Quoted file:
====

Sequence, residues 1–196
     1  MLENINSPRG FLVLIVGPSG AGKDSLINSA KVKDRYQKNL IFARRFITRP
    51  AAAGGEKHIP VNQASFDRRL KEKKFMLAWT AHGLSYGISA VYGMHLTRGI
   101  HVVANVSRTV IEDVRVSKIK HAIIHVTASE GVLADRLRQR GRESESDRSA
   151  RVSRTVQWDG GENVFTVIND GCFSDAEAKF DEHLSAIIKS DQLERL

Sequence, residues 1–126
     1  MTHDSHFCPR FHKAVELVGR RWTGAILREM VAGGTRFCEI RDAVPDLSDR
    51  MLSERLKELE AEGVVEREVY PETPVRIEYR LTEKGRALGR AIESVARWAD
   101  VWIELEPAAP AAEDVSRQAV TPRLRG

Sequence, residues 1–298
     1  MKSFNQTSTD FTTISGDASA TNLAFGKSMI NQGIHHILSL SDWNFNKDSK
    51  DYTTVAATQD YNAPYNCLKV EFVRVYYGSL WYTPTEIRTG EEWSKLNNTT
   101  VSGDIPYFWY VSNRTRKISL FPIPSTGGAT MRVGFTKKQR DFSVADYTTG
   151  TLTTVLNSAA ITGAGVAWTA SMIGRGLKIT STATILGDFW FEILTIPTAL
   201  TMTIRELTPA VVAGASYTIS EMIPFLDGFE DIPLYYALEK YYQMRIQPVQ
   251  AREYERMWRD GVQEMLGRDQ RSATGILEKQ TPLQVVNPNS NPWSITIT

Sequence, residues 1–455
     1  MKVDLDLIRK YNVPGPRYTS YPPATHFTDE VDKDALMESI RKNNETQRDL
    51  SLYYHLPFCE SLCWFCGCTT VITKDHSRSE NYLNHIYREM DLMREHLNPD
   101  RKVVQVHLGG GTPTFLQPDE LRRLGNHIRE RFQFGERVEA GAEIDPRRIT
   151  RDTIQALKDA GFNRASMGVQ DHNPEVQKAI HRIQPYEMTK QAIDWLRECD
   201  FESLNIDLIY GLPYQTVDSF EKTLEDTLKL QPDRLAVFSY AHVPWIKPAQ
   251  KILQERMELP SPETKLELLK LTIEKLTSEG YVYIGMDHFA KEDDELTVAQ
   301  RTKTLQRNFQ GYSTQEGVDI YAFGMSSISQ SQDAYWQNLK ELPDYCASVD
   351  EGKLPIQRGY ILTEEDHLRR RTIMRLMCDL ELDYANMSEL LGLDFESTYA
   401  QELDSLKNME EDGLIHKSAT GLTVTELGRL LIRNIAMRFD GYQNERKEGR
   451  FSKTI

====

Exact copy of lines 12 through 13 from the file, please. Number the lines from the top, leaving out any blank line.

    51  DYTTVAATQD YNAPYNCLKV EFVRVYYGSL WYTPTEIRTG EEWSKLNNTT
   101  VSGDIPYFWY VSNRTRKISL FPIPSTGGAT MRVGFTKKQR DFSVADYTTG